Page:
Some aspects of this meal planning deserve consideration: (1) as legumes contribute carbohydrates and protein, each portion of legumes consumed instead of grains could replace one serving of plant protein-rich foods; (2) from 1 to 10 years, it is necessary to select daily two out of these three groups: soy products, plant protein-rich foods, or legumes. If the diet does not include soy products, more legumes or plant protein-rich foods should be consumed instead; (3) higher intake of seeds or nuts than is shown in the table would contribute to the total protein intake: 2 portions a day in children consuming 900–1700 kcal or 4 portions a day in the rest of children could replace one portion of legumes, soy products or plant protein-rich foods; (4) to reach an adequate intake of n-3 fatty acids, a minimum of one portion of walnuts, flax seeds, chia seeds, or flax or walnut oils should be included in all of the patterns proposed; (5) calcium and vitamin D intakes increase notably when fortified plant beverages are chosen. As shown in Table 2, vegan diets do not provide enough vitamin B-12 and vitamin D. Choosing fortified milk substitutes, meat analogues, or breakfast cereals could provide variable amounts of these two vitamins, but supplementation is always recommended. Vitamin D supplementation might not be necessary if sun exposure is sufficient, but this should be evaluated individually. As can be seen in Table 2, with the exception of vitamins D and B12, nutritional needs are easily met with commonly consumed vegan foods, in both low and high caloric dietary patterns (900–3000 kcal/day).
Finally, applying the previous information regarding food groups, portions, and nutritional content, some dietary recommendations for food selection are listed in Table 3.

4. Discussion

We present here the first practical tool specifically designed to facilitate vegan meal planning in children and adolescents. It is based on the same methodology that has been used for the development of exchange lists previously [17,39], and includes commonly foods consumed by vegans.
We have shown that by choosing the proposed number of portions from each subgroup of foods the requirements of key nutrients in vegan diets (protein, calcium, iron, zinc, n-3 fatty acids), are easily met. Requirements of vitamins D and B12 could theoretically be covered as well if fortified foods are included, but because of the wide variability on the level of fortification among these products, it is advisable that these nutrients are provided mainly as supplements [3,6,16]. Another aspect to consider is that some of these fortified products may be high in sugar or salt and therefore not the best option in the long term. Vitamin D supplements might not be necessary in children and adolescents who live in lower latitude areas and spend regular time outdoors.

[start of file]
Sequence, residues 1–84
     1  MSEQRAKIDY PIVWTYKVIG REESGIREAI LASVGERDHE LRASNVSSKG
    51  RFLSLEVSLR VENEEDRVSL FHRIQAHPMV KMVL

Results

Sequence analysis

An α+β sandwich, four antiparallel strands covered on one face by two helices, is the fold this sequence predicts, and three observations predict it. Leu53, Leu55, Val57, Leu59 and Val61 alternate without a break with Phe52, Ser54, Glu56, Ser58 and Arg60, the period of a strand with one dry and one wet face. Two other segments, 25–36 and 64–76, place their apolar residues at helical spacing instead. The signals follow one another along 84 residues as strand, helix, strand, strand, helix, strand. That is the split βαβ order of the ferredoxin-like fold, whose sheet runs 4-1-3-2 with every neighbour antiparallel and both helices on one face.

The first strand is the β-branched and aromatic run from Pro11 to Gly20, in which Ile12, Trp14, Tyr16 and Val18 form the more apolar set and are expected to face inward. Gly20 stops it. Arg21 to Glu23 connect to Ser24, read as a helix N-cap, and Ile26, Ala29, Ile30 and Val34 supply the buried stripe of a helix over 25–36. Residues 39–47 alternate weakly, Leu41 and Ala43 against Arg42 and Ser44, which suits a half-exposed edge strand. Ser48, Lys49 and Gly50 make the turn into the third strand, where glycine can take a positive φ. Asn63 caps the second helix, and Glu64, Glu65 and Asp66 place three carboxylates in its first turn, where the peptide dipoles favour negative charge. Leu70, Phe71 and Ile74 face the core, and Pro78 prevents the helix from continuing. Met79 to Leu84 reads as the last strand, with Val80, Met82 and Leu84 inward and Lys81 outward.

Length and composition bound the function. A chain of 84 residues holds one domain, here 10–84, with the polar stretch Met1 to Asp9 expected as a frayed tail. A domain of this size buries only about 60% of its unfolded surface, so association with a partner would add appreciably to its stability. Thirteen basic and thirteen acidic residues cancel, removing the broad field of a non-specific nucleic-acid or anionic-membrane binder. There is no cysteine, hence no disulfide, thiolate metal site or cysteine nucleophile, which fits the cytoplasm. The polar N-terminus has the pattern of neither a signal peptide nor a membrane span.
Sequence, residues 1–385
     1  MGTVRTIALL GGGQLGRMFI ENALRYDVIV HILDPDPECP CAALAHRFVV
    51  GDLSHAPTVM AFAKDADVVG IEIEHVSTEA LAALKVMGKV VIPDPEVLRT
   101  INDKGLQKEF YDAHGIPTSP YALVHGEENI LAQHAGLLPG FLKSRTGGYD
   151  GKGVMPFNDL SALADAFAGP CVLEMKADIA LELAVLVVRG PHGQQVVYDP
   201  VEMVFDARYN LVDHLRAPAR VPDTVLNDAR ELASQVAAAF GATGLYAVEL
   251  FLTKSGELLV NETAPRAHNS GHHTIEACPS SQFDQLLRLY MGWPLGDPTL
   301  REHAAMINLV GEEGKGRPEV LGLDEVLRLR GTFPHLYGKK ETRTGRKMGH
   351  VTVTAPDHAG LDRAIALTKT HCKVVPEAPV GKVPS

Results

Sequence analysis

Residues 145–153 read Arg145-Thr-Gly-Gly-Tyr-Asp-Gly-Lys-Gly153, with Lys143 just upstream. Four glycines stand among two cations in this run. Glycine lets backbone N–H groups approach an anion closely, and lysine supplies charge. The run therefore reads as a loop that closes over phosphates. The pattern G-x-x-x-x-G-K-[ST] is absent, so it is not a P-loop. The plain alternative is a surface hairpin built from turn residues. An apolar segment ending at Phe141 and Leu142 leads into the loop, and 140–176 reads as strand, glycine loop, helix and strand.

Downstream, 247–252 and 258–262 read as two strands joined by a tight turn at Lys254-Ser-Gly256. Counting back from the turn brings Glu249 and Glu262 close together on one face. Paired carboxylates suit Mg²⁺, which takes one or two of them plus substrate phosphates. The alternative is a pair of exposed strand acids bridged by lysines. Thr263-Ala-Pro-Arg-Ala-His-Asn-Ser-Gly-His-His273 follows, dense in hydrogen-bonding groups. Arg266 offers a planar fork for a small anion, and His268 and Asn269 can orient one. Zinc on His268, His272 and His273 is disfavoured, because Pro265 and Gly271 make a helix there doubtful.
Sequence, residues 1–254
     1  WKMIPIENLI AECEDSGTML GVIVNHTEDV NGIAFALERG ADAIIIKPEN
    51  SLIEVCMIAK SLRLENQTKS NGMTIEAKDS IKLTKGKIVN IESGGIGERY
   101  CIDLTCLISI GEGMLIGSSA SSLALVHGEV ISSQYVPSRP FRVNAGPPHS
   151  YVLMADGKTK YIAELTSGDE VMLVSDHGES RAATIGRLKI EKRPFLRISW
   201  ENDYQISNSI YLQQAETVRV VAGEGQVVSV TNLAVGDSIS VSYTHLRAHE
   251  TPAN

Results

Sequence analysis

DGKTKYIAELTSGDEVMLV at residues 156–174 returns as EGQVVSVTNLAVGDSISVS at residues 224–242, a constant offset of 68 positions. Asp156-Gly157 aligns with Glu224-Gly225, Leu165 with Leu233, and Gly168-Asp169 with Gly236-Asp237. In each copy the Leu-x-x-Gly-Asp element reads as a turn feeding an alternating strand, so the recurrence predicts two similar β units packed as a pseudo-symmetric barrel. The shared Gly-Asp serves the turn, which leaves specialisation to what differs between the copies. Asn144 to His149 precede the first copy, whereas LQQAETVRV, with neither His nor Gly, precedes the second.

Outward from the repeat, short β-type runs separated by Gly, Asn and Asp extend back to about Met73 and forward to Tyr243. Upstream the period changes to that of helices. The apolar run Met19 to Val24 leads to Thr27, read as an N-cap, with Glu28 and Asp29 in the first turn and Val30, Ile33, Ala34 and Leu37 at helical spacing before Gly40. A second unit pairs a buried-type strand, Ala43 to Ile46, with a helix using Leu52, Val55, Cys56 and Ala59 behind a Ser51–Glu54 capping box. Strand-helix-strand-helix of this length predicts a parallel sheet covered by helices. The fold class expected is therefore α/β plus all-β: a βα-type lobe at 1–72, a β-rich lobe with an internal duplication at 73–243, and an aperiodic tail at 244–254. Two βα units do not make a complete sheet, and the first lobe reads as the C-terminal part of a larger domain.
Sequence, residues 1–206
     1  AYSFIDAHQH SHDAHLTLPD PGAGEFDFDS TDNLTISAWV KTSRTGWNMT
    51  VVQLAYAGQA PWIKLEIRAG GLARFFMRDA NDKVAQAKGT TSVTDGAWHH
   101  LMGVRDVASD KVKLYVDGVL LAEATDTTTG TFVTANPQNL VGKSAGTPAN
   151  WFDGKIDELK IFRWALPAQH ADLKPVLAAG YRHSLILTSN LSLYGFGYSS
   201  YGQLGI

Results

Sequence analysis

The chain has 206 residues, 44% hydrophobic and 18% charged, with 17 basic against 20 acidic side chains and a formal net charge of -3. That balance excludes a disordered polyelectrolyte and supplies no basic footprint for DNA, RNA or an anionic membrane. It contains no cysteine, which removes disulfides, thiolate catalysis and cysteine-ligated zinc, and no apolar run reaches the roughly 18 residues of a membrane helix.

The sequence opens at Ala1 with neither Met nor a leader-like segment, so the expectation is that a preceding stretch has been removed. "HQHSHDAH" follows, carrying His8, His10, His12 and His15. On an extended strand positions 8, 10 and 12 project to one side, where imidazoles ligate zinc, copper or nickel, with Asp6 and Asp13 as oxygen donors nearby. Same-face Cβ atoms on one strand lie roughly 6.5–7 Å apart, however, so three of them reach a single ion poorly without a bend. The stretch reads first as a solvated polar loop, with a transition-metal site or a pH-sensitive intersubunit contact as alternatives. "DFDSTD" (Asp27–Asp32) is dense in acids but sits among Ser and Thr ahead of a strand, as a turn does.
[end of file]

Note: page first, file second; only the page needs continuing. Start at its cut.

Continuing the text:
Although according to the American Academy of Nutrition well-planned vegan diets are adequate for children of all ages, this does not mean that all vegan children are receiving adequate nutrition. This might be partly due to an inappropriate selection of foods caused by incorrect nutritional counselling or by lack of counselling at all. Public nutrition campaigns have been traditionally addressed to families following non-vegetarian diets. Similarly, nutrition education in schools and nutrition training for health professionals have been focused on non-vegan foods and non-vegan meal-planning; the nutritional needs of vegan children have received little attention. We hope that this tool can be used to improve the education of both health professionals and families, which as a result will improve nutritional status in vegan children and adolescents.